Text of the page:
A conversation on the Republicans within the Nixon administration who opposed the president and Nixon’s attempt to use the federal government to go after his political enemies. We talk to Michael Koncewicz, he is the Cold War Collections Specialist at the Tamiment Library and Robert F. Wagner Labor Archives at New York University.  He previously … Continued


For decades after its founding, America was really two nations–one slave, one free. There were many reasons why this composite nation ultimately broke apart, but the fact that enslaved black people repeatedly risked their lives to flee their masters in the South in search of freedom in the North proved that the “united” states was … Continued


We discuss the legal issues surrounding the circumstances of Julian Assange with Karen Greenberg.  Assange was arrested in London last week, he could face extradition to the United States. Guest: Karen J. Greenberg is the director of the Center on National Security at Fordham Law School and the author of Rogue Justice: The Making of the … Continued


After being holed up in the Ecuadorian embassy for seven years, Wikileaks founder Julian Assange has been arrested by British authorities. He could also face extradition to the U.S.  To talk about all the details of this issue we are joined by Ryan Grim, D.C. Bureau Chief of The Intercept. Then, A conversation with internationally-known disability … Continued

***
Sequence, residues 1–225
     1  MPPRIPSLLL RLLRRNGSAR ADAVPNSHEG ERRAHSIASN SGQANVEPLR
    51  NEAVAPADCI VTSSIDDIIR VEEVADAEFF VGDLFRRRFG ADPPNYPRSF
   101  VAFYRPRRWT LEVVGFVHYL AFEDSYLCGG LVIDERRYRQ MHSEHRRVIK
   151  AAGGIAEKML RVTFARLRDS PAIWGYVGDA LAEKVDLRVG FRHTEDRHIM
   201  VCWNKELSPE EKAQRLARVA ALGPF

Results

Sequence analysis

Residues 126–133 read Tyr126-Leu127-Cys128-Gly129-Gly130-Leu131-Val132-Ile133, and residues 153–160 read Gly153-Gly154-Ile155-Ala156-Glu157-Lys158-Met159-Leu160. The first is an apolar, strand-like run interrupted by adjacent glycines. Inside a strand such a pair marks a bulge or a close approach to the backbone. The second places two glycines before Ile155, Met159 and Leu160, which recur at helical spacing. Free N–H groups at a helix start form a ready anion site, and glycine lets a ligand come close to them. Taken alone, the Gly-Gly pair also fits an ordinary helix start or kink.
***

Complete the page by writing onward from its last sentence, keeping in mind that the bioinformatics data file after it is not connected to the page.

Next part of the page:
Instead perhaps of talking about Medicare for All, we should be talking about Veterans Affairs Health Care for All, a system that resembles what we see in Europe. Today we are in conversation with journalist Suzanne Gordon about the history of the VA, how it works and the efforts to privatize it. Guest: Suzanne Gordon … Continued


According to Jennifer Eberhardt, unconscious bias can be at work without our realizing it, and even when we genuinely wish to treat all people equally, ingrained stereotypes can infect our visual perception, attention, memory, and behavior. Guest: Dr. Jennifer Eberhardt is a professor of psychology at Stanford and a recipient of a 2014 MacArthur “genius” … Continued


A conversation about how history propagates itself quite consciously as we emulate the past.  We talk to Susan Jaques, author of The Caesar of Paris about Napoleon’s idea to turn Paris into “the new Rome”― Europe’s cultural capital― through architectural and artistic commissions around the city.  Napoleon had a tradition of appropriating from past military … Continued


A conversation with with Nina Khruscheva, she is the great grand-daughter of Nikita Khruschev, the former soviet premier who took over Joseph Stalin and an ex-pat living and reporting on Russia and the Soviet Union since 1993.  She is currently a professor of International Affairs at New School University, and a member of the Council … Continued